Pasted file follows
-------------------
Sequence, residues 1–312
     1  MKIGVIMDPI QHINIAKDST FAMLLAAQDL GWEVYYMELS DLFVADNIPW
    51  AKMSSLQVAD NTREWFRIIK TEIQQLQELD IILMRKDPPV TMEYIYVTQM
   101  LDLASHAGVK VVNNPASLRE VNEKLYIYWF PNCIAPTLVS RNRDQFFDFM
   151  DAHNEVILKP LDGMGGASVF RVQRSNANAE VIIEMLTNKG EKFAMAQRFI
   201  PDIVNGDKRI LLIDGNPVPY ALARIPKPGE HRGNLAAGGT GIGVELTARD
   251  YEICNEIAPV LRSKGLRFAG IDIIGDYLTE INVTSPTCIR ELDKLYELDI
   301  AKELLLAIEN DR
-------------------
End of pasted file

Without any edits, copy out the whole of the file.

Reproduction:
Sequence, residues 1–312
     1  MKIGVIMDPI QHINIAKDST FAMLLAAQDL GWEVYYMELS DLFVADNIPW
    51  AKMSSLQVAD NTREWFRIIK TEIQQLQELD IILMRKDPPV TMEYIYVTQM
   101  LDLASHAGVK VVNNPASLRE VNEKLYIYWF PNCIAPTLVS RNRDQFFDFM
   151  DAHNEVILKP LDGMGGASVF RVQRSNANAE VIIEMLTNKG EKFAMAQRFI
   201  PDIVNGDKRI LLIDGNPVPY ALARIPKPGE HRGNLAAGGT GIGVELTARD
   251  YEICNEIAPV LRSKGLRFAG IDIIGDYLTE INVTSPTCIR ELDKLYELDI
   301  AKELLLAIEN DR